Moments after Emma Stone won best actress for her role in “La La Land” she walked back on stage to celebrate that film’s victory for best picture, too – though that only lasted until – in one of the most bizarre moments in Oscar history – it was revealed that “Moonlight” not “La La Land” had won that top prize.
“I don’t know if this is a measurable thing but is that the craziest moment of Oscar history of all time?” Stone said after arriving backstage with her Oscar in hand. “Cool! We made history!”
Stone said that despite the rug being pulled out from under the “La La Land” crew she wasn’t disappointed.
“Of course it was an amazing thing to hear “La La Land,” Stone said. “But God, I (bleepin’) love ‘Moonlight.’”
As for what happened? Warren Beatty, who’d presented the best picture award with Faye Dunaway, said on stage that when he opened the envelope it said Emma Stone and “La La Land,” and Dunaway then announced the best picture was “La La Land.”
“I was holding my best actress in a leading role card the whole time, so whatever story that was, I don’t know what that was,” Stone said backstage. “I think everyone’s in a state of confusion still.”
And as for her little fella, she’s in love, sort of.
“I had a little creepy moment back there where I was looking down at this like it was a newborn child,” Stone said. “This is a naked man! Hopefully I’ll look at my own newborn children differently.”
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Barry Jenkins, who won Oscars as the director and writer of “Moonlight,” followed Stone to the stage in the press room. He and the rest of the team that won -- eventually -- the best picture award seemed still stunned.
“I think all the movies that were nominated were worthy, so I took the results, I applauded like everyone else,” Jenkins said. “It made a very special feeling even more special but not in the way I expected.
“The last 20 minutes of my life have been insane.”
Asked if anyone had explained what happened Jenkins said no one had.
“Things just happened,” he said. “I wanted to see the card. And Warren refused to show the card to anybody before he showed it to me.
“And so he did he walked up to me and showed me the card and I felt better about what happened.”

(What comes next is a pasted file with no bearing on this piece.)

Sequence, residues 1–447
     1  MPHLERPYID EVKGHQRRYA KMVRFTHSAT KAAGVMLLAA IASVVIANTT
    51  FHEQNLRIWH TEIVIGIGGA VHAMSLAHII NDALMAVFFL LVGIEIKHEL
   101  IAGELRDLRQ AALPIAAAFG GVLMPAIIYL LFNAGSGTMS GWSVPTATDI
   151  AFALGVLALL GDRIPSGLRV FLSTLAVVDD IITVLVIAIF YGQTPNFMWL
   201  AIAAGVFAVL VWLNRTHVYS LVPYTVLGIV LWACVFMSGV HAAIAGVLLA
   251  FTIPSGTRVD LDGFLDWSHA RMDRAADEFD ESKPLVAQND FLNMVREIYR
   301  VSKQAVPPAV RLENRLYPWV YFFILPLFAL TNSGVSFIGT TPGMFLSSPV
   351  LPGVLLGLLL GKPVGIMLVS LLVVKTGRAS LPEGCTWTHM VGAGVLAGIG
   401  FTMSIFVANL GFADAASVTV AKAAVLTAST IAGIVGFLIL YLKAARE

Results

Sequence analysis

The card Beatty showed him said “Moonlight” as best picture, Jenkins said.
“I will say the folks from ‘La La Land’ were so gracious. I can’t imagine being in their position and having to do that. I wasn’t speechless because we won, I was speechless because it was so gracious of them to do that.”
A few questions later, Jenkins paused, grinned, and said what everyone who worked on the film must have been thinking: “Hot damn, we won best picture!”
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It takes nearly an hour after the start of the Academy Awards for the first winners to make their way backstage, shiny gold Oscars in their hands, and unlike most years, it’s not the supporting actor or actress, whose categories always open the show.
When winners do arrive they’re from the below-the-line categories such as makeup and hairstyling, which went to “Fantastic Beasts and Where To Find Them,” which unbelievably is the first Oscar to ever go to a film from the Harry Potter canon.
“I didn’t realize that, that’s shocking,” said Colleen Atwood, the Oscar winner for costume design. “There’s so much incredible artistry in the Harry Potter movies.”
Director Asghar Farhadi won his second Oscar for best foreign language film for “The Salesman,” but was not at the ceremony as a statement against President Donald Trump’s ban on travel to the United States by residents of seven Muslim-majority countries including Farhadi’s Iran.
Anousheh Ansari, an Iranian astronaut who flew on the International Space Station, and Firouz Naderi, a former NASA director for solar system exploration, came backstage to speak on Farhadi’s behalf.
Naderi said many Iranian-Americans could have accepted the Oscar for him, but he believes Farhadi chose him and Ansari for a reason specific to their own endeavors.
“She’s an astronaut, I work for NASA,” he said. “I think the reason is if you go away from Earth and look back at Earth you don’t see any borders or lines. You just see one whole beautiful Earth.”
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